The Morphisec Labs team has conducted research on the new Mars infostealer. Mars is based on the older Oski Stealer and was first discovered in June 2021. The new Mars is available for sale on several underground forums and is reported to be under constant development. The Mars Stealer pilfers user credentials stored in various browsers, as well as many different cryptocurrency wallets. Mars Stealer is being distributed via social engineering techniques, malspam campaigns, malicious software cracks, and keygens. (For more about infostealers, read Morphisec’s coverage of the Jupyter infostealer.)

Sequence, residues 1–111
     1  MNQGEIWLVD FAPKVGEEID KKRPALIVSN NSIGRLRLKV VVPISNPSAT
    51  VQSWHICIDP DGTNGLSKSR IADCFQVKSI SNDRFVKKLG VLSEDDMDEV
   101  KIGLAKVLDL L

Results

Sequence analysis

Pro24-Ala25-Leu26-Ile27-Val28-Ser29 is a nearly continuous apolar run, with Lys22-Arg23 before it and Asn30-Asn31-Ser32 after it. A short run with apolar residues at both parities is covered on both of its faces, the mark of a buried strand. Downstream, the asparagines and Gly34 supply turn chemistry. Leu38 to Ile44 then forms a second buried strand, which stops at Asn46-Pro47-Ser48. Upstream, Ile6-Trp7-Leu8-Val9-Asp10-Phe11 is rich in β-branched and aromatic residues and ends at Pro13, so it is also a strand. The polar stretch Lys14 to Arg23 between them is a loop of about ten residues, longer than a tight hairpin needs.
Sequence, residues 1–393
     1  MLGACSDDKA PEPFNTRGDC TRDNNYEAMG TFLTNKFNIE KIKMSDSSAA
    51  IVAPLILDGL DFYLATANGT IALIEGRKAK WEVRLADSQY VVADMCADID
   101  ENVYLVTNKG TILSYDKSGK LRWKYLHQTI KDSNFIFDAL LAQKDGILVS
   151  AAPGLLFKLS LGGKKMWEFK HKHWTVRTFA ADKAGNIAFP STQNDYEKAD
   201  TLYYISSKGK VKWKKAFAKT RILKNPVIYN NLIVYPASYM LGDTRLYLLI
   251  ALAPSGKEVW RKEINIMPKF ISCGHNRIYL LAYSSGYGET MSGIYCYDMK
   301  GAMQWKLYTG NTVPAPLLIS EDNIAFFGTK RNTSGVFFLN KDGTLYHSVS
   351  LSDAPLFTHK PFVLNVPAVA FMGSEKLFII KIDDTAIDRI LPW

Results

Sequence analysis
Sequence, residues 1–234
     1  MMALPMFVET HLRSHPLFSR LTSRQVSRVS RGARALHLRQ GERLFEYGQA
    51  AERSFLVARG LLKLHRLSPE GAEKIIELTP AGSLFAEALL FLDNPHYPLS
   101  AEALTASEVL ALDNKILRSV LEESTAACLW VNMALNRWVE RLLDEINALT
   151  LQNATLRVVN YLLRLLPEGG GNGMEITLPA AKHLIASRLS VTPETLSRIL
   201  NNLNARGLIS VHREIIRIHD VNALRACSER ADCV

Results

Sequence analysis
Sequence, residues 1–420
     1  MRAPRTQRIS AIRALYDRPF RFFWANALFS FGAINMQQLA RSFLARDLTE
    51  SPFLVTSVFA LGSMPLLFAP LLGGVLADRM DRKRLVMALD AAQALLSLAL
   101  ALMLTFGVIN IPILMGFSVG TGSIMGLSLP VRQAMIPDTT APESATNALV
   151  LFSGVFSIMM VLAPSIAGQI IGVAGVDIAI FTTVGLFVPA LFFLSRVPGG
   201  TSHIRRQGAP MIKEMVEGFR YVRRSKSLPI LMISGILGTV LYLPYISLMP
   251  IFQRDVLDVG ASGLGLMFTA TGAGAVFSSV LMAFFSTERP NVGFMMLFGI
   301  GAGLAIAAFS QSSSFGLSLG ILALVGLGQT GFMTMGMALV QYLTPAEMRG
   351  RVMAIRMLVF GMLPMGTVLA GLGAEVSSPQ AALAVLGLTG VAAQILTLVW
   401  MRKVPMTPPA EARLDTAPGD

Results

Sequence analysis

Figure 1: Mars stealer post on hacking forums.
Not long after the Mars Stealer’s release, a cracked version was released with an instruction document. This guide has some flaws. One flaw instructs users to set up full access (777) to the whole project, including the victims’ logs directory.
Figure 2: Cracked Mars Stealer instruction guide.
Whoever released the cracked Mars Stealer without official support has led threat actors to improperly configure their environment, exposing critical assets to the world.
As Sophos explains, information stealers are used for a wide variety of identity theft. They enable attackers to harvest personally identifiable information (PII), including login data such